One of the things I like about bouldering is that it’s great when all you want to do is pootle. That’s all I wanted to do last weekend at The Roaches. I had a creeping cold that was developing a cough. The gritstone was green, wet and strong, blustery winds made sitting belaying at the top of a crag look a bit unappealing. So I spent my time wandering around the boulders, doing low-grade routes that looked interesting and weren’t so slimy and wet that my feet would skate off them. Moving at a gentle pace and just focusing on how to move on the rock really cleared my head and relaxed me.
To make the weekend even better, I got to see the inside of the Don Whillans Memorial Hut. I’ve been past that iconic oddity tucked into the rocks at the bottom of The Roaches so many times and wondered what it looks like inside. With some friends staying there, I got to see and it is an amazing building (particularly the kitchen).
In the end, the tiredness caused by my cold and the limited number of boulders sheltered enough that the crash pads wouldn’t blow away brought an end to my climbing on Sunday. I didn’t mind. I finished my lovely pootle by ambling off to the nearby tearooms.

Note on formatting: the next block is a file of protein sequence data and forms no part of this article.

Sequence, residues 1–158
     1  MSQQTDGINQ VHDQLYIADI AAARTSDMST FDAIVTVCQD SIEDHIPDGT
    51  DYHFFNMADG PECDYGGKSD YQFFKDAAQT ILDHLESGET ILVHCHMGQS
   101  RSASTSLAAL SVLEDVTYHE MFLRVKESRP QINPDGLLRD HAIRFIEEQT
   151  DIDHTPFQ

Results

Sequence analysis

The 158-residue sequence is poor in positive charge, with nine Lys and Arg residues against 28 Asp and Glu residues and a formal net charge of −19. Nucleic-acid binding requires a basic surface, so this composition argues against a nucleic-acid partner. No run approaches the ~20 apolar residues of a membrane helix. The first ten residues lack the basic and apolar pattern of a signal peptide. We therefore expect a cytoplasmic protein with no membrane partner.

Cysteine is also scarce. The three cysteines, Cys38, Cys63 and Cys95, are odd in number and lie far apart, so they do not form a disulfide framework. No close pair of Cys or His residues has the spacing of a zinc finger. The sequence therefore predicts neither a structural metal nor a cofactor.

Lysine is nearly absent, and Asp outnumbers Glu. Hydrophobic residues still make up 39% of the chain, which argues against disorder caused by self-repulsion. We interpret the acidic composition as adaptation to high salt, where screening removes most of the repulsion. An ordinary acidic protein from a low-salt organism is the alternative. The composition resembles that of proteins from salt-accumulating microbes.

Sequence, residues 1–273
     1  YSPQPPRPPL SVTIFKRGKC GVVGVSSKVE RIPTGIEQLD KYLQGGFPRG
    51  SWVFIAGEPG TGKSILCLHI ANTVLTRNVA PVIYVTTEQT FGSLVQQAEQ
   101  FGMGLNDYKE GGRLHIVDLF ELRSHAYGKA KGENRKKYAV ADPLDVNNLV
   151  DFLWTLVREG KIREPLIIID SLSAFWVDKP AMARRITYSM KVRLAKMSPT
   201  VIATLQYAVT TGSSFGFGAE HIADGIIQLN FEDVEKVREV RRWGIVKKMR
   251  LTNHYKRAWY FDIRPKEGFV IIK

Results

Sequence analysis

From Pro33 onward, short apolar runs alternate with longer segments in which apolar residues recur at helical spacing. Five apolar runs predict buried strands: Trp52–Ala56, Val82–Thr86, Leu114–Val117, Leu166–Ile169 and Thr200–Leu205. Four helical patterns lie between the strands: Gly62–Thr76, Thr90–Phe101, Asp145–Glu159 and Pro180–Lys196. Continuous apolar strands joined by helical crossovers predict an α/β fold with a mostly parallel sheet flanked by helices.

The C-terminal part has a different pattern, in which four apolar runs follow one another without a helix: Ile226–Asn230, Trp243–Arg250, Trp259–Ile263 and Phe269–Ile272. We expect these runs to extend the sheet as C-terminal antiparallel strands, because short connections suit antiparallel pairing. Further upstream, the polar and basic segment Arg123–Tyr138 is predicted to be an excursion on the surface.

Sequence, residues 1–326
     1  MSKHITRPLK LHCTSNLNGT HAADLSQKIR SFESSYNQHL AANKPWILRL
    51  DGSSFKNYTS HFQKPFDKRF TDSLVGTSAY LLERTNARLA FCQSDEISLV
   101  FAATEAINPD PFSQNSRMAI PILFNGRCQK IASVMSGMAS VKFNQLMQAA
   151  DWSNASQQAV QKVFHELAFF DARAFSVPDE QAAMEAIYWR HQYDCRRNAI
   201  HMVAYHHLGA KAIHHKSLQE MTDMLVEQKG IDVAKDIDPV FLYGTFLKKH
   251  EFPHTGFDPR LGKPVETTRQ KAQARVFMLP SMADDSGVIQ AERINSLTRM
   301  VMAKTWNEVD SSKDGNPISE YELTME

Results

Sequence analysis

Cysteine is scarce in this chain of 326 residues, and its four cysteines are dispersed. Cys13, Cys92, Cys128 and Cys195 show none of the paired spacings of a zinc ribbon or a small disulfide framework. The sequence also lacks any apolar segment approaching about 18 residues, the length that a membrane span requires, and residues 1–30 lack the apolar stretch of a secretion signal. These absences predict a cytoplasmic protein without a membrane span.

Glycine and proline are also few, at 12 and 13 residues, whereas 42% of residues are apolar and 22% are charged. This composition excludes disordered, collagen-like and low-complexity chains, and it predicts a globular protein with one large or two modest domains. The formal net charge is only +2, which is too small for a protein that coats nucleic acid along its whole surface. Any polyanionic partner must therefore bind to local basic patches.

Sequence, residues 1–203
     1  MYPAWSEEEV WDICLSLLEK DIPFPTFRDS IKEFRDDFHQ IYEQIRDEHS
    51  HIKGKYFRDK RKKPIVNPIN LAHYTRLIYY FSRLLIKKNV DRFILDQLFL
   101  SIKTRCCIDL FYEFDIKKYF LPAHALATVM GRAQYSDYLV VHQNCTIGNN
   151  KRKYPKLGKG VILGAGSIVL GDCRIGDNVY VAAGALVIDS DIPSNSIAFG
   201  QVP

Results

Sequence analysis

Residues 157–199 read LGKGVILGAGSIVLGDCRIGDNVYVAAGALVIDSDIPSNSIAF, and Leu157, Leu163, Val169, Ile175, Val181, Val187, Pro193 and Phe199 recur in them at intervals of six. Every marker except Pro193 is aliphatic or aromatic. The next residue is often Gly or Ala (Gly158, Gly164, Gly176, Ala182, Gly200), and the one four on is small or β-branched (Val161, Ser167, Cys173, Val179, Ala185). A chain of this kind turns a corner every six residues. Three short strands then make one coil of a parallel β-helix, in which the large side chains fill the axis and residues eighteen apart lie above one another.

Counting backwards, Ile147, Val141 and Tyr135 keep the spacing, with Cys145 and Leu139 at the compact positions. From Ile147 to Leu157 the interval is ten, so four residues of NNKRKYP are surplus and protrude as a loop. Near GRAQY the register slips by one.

Somehow I’d never seen the rolling hills of the Peak District turn purple before this week. I’ve walked and climbed in the Peaks numerous times, but somehow my timing meant that I had never been there when the heather was in bloom. It was a stunning sight. The smell of honey as Valerie, Leo and I walked along the edge of the Burbage valley and through fields of purple was sweet and warming. It was a great start to a couple of days of bouldering in the Peaks, but the trip didn’t go entirely to plan. Read more
Well, the clue is in the name. You can’t really start out on this climb unaware that some bit of rock is going to wobble when you hold on to it. However, some of the wobbly rocks are more obvious than others and the guidebook doesn’t mention the most important of them. Read more